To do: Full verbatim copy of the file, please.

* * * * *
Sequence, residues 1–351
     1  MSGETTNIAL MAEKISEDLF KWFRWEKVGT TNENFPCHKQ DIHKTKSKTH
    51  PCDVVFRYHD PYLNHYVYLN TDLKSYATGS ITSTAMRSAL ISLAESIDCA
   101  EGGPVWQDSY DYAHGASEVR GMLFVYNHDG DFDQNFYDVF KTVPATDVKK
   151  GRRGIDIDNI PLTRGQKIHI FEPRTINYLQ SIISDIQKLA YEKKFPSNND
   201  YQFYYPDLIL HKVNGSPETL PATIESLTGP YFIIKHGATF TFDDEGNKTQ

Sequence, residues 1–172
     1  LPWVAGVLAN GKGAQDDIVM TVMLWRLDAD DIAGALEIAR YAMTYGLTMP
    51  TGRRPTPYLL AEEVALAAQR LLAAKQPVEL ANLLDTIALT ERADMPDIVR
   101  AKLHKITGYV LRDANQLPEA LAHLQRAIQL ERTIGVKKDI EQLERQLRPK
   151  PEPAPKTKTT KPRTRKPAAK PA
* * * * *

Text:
Sequence, residues 1–351
     1  MSGETTNIAL MAEKISEDLF KWFRWEKVGT TNENFPCHKQ DIHKTKSKTH
    51  PCDVVFRYHD PYLNHYVYLN TDLKSYATGS ITSTAMRSAL ISLAESIDCA
   101  EGGPVWQDSY DYAHGASEVR GMLFVYNHDG DFDQNFYDVF KTVPATDVKK
   151  GRRGIDIDNI PLTRGQKIHI FEPRTINYLQ SIISDIQKLA YEKKFPSNND
   201  YQFYYPDLIL HKVNGSPETL PATIESLTGP YFIIKHGATF TFDDEGNKTQ

Sequence, residues 1–172
     1  LPWVAGVLAN GKGAQDDIVM TVMLWRLDAD DIAGALEIAR YAMTYGLTMP
    51  TGRRPTPYLL AEEVALAAQR LLAAKQPVEL ANLLDTIALT ERADMPDIVR
   101  AKLHKITGYV LRDANQLPEA LAHLQRAIQL ERTIGVKKDI EQLERQLRPK
   151  PEPAPKTKTT KPRTRKPAAK PA